For many years before and after his retirement, one of the things we did together was attend auction sales.  Our favourites were often auctioneered by local legend Ivan Brown who would often admonish the audience with his famous “I’ll smash it!” if a suitable bid wasn’t produced.  After he retired, my grandpa would spend the winters refinishing many of the antiques we bought at auction and then would have two yearly yard sales, one on Victoria Day, and one on Labour Day.  Folks used to come from quite a distance for his sales as they always knew he had a good eye for quality.  I could go on forever, but I think you all see my meaning.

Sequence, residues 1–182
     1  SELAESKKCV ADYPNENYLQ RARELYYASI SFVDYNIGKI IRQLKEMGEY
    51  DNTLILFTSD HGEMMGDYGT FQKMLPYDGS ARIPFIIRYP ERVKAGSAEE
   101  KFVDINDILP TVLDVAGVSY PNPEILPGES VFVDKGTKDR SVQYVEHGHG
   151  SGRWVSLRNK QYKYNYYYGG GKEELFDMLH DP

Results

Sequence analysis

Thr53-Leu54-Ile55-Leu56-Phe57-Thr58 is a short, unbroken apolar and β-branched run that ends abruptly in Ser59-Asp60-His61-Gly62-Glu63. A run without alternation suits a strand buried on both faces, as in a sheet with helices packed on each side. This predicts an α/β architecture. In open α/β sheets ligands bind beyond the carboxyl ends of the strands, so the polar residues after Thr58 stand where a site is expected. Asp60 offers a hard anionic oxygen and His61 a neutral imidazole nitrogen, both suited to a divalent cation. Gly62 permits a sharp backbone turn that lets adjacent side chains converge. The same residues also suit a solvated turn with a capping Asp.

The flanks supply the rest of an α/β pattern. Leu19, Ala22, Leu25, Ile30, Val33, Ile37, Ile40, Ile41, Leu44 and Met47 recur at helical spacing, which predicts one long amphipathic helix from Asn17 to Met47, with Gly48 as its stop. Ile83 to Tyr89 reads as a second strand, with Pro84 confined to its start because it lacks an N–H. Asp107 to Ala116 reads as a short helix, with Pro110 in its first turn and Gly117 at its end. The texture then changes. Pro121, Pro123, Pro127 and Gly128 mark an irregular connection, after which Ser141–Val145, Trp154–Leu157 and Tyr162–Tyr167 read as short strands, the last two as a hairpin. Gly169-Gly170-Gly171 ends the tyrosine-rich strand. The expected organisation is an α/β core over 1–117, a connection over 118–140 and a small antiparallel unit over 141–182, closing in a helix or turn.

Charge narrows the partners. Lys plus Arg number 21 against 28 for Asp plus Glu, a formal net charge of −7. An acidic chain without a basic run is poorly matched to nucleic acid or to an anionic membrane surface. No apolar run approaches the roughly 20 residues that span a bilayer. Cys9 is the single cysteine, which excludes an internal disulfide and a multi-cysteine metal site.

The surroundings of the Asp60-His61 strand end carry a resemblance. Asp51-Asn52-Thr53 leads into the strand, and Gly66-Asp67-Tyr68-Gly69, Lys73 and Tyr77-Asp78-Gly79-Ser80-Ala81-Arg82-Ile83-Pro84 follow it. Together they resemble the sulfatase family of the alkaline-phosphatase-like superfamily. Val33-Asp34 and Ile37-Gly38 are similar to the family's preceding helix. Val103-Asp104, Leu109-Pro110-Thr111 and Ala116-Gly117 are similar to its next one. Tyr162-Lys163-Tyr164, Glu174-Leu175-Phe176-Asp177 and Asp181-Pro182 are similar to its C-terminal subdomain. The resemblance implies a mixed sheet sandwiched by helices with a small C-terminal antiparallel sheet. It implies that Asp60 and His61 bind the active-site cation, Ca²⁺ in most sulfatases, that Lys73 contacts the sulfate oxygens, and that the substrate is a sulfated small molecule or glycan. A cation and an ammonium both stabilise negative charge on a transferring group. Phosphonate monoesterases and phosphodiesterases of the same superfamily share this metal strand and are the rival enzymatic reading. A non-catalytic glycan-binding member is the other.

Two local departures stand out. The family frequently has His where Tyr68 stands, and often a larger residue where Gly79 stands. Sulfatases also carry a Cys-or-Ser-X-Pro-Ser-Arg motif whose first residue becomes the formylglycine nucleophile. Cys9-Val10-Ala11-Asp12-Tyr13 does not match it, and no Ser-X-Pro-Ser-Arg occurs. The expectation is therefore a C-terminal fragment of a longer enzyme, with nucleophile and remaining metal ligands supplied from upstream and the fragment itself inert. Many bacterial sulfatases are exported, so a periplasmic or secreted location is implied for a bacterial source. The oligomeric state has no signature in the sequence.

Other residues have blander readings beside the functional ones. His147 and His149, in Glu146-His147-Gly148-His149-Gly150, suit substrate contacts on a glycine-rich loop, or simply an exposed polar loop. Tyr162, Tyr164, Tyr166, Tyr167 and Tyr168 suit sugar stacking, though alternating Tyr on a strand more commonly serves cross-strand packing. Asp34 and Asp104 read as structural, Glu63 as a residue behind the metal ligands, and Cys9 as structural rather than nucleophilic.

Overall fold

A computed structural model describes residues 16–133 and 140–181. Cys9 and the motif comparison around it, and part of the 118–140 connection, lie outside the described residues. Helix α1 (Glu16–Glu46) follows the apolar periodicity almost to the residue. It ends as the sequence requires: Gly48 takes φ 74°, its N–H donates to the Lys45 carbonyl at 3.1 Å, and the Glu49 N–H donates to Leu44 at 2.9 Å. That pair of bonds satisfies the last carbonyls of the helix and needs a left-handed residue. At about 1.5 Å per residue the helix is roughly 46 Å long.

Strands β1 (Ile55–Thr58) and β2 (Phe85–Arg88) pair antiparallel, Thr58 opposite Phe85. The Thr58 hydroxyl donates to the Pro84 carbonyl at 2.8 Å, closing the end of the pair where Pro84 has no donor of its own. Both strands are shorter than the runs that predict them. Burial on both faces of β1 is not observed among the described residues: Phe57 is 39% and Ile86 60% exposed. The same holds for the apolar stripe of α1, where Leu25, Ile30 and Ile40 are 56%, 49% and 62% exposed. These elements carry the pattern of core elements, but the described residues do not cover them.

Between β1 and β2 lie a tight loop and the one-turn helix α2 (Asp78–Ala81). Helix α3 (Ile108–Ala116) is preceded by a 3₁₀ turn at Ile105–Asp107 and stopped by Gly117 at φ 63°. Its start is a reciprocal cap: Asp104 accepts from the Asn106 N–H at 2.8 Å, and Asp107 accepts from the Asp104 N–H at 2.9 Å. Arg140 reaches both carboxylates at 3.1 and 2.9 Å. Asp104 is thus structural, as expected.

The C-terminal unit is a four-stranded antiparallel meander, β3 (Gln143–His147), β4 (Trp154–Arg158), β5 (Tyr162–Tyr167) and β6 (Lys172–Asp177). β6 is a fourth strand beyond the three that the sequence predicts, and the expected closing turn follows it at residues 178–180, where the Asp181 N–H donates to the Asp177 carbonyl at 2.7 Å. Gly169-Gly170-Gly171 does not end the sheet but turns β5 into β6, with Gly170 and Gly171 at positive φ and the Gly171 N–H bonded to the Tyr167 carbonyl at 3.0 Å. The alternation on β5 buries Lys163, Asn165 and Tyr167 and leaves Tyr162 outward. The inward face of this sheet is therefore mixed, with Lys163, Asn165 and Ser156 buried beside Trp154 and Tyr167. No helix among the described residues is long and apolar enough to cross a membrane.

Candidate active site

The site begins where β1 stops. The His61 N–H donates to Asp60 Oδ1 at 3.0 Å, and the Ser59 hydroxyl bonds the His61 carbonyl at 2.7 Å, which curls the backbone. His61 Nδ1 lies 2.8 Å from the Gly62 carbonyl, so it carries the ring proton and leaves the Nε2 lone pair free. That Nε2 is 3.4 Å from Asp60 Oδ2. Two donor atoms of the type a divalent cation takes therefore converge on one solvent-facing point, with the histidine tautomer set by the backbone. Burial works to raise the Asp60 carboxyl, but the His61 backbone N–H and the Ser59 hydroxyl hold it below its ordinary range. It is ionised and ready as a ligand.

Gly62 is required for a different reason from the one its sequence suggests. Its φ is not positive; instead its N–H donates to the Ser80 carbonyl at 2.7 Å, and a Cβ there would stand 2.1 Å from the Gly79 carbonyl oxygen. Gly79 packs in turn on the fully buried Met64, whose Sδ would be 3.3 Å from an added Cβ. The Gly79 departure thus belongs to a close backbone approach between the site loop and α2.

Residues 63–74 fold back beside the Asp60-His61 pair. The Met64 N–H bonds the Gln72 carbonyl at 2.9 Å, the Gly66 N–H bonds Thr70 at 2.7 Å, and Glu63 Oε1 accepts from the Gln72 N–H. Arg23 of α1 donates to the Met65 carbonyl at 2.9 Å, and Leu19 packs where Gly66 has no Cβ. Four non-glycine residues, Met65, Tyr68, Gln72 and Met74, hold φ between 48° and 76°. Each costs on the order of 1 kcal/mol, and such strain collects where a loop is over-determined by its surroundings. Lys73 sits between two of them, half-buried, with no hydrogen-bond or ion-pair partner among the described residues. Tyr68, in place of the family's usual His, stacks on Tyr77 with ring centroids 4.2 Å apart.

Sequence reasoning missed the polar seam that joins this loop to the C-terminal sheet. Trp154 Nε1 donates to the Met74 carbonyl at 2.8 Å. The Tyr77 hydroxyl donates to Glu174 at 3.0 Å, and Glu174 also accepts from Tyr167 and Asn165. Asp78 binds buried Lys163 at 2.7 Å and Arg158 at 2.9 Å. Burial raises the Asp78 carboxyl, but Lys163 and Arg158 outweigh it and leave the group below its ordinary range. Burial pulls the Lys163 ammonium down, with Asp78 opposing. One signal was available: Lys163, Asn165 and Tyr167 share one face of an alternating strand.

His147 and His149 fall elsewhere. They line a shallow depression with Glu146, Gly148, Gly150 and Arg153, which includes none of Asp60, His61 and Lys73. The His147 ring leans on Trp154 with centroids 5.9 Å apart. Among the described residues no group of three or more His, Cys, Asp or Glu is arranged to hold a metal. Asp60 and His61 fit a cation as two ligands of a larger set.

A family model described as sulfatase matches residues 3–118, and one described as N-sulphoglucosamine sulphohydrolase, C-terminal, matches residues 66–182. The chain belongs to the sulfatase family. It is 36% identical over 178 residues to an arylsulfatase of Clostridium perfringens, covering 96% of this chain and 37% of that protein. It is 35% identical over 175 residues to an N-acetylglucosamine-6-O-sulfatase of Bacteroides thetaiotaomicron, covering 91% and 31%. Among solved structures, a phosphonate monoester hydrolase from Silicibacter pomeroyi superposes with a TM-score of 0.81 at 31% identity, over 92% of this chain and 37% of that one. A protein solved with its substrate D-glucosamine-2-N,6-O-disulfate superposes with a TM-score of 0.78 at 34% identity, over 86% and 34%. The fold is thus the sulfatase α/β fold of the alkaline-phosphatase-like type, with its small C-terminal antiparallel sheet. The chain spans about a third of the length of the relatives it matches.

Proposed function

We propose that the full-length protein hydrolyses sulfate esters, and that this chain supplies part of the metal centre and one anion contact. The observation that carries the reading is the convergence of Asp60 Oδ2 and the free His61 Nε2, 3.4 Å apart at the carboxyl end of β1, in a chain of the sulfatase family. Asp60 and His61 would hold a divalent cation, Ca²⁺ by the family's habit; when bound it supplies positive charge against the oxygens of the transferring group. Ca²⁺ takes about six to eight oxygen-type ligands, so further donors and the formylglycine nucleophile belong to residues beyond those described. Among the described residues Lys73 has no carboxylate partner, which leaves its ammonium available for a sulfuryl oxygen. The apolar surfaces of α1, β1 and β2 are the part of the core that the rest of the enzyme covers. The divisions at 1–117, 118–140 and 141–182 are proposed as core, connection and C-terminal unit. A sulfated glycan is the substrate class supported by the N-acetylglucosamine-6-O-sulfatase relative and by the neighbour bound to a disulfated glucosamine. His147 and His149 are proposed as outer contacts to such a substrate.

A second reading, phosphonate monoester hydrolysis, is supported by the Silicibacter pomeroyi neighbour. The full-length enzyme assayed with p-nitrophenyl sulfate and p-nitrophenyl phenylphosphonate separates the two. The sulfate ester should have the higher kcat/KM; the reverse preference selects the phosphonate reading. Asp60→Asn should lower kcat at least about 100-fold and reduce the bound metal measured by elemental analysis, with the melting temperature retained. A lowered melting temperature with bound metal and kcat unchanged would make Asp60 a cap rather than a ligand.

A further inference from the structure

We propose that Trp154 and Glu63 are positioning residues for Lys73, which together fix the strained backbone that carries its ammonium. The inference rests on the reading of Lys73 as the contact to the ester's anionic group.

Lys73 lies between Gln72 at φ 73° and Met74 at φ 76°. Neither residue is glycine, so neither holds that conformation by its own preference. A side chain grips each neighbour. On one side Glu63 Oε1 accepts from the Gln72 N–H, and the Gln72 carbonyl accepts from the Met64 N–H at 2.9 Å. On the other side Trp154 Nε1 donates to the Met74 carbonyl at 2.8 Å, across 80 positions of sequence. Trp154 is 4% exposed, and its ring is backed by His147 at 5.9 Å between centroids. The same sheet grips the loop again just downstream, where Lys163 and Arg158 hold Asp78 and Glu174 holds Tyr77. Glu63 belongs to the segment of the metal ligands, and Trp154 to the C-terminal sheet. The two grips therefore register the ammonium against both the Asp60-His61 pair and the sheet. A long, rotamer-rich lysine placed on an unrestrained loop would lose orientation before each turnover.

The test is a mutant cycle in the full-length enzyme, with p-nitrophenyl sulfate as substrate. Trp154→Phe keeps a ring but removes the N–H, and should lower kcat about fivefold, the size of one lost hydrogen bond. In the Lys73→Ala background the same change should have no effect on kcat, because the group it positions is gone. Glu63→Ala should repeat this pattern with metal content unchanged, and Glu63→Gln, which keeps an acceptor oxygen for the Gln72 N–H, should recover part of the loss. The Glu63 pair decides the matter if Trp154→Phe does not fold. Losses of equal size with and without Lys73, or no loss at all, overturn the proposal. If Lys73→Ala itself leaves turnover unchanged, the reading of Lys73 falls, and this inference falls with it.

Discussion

My grandpa left us suddenly and sadly in the late evening hours of Sunday April 27th, 1992.  His presence in my life was one of my greatest influences, and his passing changed my life forever.  As with all my grandparents, I loved and adored him, and will remember him always!